Redistricting Commission Provides Directions, but Again Deadlocks on Race

The Virginia Redistricting Commission September 15 unanimously approved consensus instructions to its two map drawers on three items for which they had sought guidance, but continued to split along partisan lines regarding directions for creating minority-opportunity districts.

The votes came as the commission’s map makers each prepare their statewide maps of State Senate and House districts. That work is expected to be completed by September 17, giving the commission time to review the maps before its next meeting at 8 a.m. on Monday September 20.  By then, the commission will also have more details about public comments that have been made to date, which, it was told, number in the “thousands.” The comments are now being organized into a data base by the commission’s communications and outreach consultants; as of September 17, commissioners will be able to run reports to review comments directed to a particular issue or region. Those reports will then be made part of the public record. Additional improvements to the commission’s website are scheduled to be made in the coming weeks. The commission is scheduled to start virtual public hearings on its modified proposed maps on October 4.

The commission began its latest meeting by discussing consensus instructions prepared by its partisan counsels on questions related to defining political subdivisions, political neutrality and communities of interest. Ultimately, all three positions were approved with a few small changes, but not before commission members provided perspectives reflecting the differences in the urban and rural communities they represent or where they live.

New language to provide guidance on creating so-called “coalition districts,” was not proposed, it was explained, because the counsels could not reach agreement on their advice. The U.S. Supreme Court has ruled on impermissible “racial gerrymandering,” but has not yet reviewed a case involving coalition districts, where one or more minority groups live close together and support the same candidates, creating a potential majority. Lower circuit courts have split on the issue, but some of those decisions date from the 1990s. Republican commission members, in particular, worried that providing the instructions the Democrats sought would make the commission’s maps more vulnerable to legal challenge.

But Democratic members were not content to simply ignore the issue, and forced another vote. In the end, the practical outcome was the same as it had been two days before.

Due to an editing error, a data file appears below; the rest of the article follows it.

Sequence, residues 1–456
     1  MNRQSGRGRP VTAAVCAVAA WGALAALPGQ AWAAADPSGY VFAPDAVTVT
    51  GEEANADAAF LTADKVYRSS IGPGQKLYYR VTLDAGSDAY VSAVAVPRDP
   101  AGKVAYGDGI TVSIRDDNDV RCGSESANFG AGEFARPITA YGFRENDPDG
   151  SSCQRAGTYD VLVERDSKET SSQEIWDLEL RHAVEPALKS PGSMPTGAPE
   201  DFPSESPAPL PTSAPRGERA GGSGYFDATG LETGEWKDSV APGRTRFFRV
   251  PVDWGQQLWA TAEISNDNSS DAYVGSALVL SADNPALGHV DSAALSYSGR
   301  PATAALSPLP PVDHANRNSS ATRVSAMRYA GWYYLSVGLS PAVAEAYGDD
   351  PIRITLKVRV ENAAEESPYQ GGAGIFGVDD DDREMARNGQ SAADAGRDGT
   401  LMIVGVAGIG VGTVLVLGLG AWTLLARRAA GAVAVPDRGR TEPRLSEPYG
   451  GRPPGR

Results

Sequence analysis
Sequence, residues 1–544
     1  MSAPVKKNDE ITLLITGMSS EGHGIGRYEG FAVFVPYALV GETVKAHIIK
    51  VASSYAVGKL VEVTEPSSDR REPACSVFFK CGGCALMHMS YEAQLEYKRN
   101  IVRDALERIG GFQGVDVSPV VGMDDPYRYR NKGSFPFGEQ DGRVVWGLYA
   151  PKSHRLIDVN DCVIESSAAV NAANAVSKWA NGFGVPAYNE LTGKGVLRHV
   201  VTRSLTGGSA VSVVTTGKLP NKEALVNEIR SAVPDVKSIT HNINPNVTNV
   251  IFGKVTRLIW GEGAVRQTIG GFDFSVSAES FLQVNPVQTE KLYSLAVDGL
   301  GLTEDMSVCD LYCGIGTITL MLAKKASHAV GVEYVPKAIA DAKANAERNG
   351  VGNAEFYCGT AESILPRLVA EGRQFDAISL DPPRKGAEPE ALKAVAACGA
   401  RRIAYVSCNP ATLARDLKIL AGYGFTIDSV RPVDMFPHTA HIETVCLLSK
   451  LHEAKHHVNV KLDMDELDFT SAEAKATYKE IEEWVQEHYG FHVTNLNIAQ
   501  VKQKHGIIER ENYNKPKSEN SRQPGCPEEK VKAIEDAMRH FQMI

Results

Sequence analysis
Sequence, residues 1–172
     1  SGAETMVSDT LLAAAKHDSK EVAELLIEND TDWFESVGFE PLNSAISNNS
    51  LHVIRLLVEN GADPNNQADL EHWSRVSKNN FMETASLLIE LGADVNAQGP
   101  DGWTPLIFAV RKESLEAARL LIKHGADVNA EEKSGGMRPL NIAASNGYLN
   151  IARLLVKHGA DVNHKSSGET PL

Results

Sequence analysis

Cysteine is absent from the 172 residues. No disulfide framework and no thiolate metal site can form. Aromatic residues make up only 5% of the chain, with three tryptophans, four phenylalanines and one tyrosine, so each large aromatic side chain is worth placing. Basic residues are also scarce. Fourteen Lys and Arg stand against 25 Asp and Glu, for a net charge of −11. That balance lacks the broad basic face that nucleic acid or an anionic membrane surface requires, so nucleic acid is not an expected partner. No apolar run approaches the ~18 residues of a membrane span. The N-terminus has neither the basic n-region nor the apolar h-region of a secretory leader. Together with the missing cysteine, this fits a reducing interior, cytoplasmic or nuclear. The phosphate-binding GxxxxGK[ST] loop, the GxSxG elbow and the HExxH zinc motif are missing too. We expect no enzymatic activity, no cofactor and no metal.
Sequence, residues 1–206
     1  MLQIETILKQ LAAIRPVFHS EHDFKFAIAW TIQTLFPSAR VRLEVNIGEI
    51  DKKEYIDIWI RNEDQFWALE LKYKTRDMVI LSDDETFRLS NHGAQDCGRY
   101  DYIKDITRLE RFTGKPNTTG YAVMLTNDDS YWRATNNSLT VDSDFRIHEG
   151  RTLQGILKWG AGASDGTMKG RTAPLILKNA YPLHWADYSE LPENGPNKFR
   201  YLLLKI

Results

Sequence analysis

Del. Marcus Simon (D-Falls Church) began by noting that that issue had not been brought back for a review, and said, “It seems like we have decided that on the question of giving map drawers guidance on the Voting Rights Act, we are at a hopeless impasse.” Simon asked whether the vote should be revisited. “I don’t want to let it go by. A decision not to decide is a statement.  . . .”

Read more

Share this:

Redistricting Commission Bogs Down Over Voting Rights Criteria

After changing its agenda to provide more direction to its map makers, the Virginia Redistricting Commission could not reach consensus September 13 on instructions related to meeting the requirements of the Voting Rights Act.

The commission listened to lengthy presentations by its partisan counsels on recent case law interpreting the act, but two motions, eventually suggested by Meg Lamb, a lawyer for the Division of Legislative Services, both narrowly failed. The counsels were instructed to work together with Lamb and the commission’s co-chairs on language that both sides could support to present at the commission’s September 15 meeting, beginning at 8 a.m.

The commission appeared to split over whether map makers should consider creating districts where members of more than one minority group could be measured as a coalition to create a “minority opportunity” district, one where more than 50 percent of the voting age population is a member of a minority group. Democratic counsel J. Gerald Hebert argued that the U.S. Supreme Court had not prohibited that practice. But the Republican counsels said while the practice might be permissible, the commission was not required to do so under the Voting Rights Act. Some commission members worried that instructing map makers to take that approach would make the commission’s maps more vulnerable to legal challenge, now that the high court has ruled that “racial gerrymandering” is impermissible. But after an initial motion failed, a second motion, changing “shall” to “may,” also failed, as some of the commission’s Democratic members seemed to view it as too weak.

Commission members received a 15-page memo from their counsels about the interpretation of the Voting Rights Act right before the meeting. On this and three other issues, the counsels were asked to work together to provide guidance they could agree on, and to do it by 5 p.m. the next day, to provide more time for commission members to review before they had  to vote. The other issues relate to prioritizing the political subdivisions that should be preserved, defining communities of interest and evaluating “political equity.”